9:30AM Sunday School
11AM & 7PM Worship

2203 San Antonio St.
Austin, TX 78705

The Bible: Let It Breathe!

San Williams

October 20, 2013
2 Timothy 3:14-4:5

Our reading today begins with the phrase, “But as for you . . .”  The “you” who is being addressed is a young evangelist named Timothy.  While we don’t know much about Timothy, we do know that he was a child of the church, so to speak.  He came from a long line of faithful believers.  He had been tutored in the faith, first by his grandmother and then by his mother, Eunice.  He was a protégé of the Apostle Paul.  Having been well trained in the faith, instructed in the scriptures, and equipped for ministry, he was sent out to spread the gospel of Jesus Christ.

But from the content of this second letter to Timothy, which is summarized in today’s reading, we surmise that something was bothering this early believer.  Now that he was out in the world, could it be that the teaching and instructions that he had accepted at face value as a child, he now as a young man, began to question? We don’t know the exact circumstances, but it’s clear that Timothy’s confidence was slipping.  His childhood convictions had begun to waver.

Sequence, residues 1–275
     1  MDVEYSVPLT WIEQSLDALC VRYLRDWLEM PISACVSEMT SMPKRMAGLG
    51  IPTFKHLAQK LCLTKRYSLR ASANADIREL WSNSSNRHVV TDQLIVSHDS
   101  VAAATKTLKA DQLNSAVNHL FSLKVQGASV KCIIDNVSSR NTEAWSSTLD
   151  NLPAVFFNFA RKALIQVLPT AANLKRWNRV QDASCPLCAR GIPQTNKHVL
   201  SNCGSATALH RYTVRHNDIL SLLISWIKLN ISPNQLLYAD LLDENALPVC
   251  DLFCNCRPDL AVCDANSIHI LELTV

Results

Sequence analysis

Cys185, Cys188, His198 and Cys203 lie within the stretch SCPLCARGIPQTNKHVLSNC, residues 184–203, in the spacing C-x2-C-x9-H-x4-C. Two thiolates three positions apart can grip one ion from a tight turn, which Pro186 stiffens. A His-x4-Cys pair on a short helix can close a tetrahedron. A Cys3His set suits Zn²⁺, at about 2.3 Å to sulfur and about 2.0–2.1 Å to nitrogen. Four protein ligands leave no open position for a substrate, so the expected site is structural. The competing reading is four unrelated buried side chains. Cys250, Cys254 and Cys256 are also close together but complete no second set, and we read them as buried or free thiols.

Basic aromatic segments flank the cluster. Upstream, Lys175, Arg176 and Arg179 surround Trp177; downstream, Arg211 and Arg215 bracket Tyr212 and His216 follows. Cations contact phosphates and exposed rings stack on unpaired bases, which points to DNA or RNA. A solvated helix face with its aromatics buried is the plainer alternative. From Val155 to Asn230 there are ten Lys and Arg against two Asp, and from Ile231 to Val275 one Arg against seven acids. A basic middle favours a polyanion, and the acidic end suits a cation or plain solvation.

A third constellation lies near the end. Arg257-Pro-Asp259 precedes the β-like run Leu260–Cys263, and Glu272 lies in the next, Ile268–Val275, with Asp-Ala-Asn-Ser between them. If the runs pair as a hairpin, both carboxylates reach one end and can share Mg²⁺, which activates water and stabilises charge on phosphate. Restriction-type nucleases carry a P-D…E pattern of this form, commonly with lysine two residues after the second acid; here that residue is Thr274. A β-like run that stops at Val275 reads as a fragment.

Well, this morning let’s expand the scope of “you” to include not only Timothy, but also everyone here today. Yes, we know that Paul, or whoever it was who wrote this letter to Timothy, believed that all scripture is inspired by God.   And we know what our church creeds say about the Bible.   It’s also true that every time a passage of scripture is read in worship, we claim it to be “The Word of the Lord.”  That’s all well and good.  But “as for you,” honestly now, what is your relationship with the sacred writings we know as the Bible?

In our reading, Timothy is encouraged to persist in the teachings he has received, whether the time is favorable or unfavorable.  Or, as the old translation has it: “Preach the word…in season and out of season.” Do you agree that in many ways, the Bible itself is out of season today? Even in our churches, many people are equipped with little more than their childhood knowledge of the Bible.  Though most of us would claim to believe that the Bible is God’s word, not many actually read and study it.  The problem of Biblical illiteracy within the church is a common lament.  The Bible, it seems, is not in season.

A.J. Jacobs, who describes himself as a secular Jew, conducted a religious experiment and wrote about it in his book, A Year of Living Biblically.  For a calendar year, Jacobs lived by the rules and regulations and teaching of the Bible.  For example, in accordance with Deuteronomy 22, he had to ensure that his clothes did not mix wool and linen in them.  In accordance with Exodus 23, he removed the names of false gods from his vocabulary which meant that could not even use the words, “Wednesday” and Thursday,” because they honor the false gods Thor and Woden.  He allowed the side of his hair to grow uncut in accordance with Leviticus 19, and wore all white garments (Eccl 9:8).  Yes, it’s humorous, but Jacobs’ very literal attempt to live Biblically makes the Bible seem ridiculous, and out of step with modern life.